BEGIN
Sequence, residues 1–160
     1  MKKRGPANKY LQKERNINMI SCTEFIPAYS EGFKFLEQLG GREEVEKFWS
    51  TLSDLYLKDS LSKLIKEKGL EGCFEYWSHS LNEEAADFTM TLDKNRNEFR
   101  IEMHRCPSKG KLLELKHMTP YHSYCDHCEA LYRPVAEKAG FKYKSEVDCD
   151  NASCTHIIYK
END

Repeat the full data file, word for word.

Sequence, residues 1–160
     1  MKKRGPANKY LQKERNINMI SCTEFIPAYS EGFKFLEQLG GREEVEKFWS
    51  TLSDLYLKDS LSKLIKEKGL EGCFEYWSHS LNEEAADFTM TLDKNRNEFR
   101  IEMHRCPSKG KLLELKHMTP YHSYCDHCEA LYRPVAEKAG FKYKSEVDCD
   151  NASCTHIIYK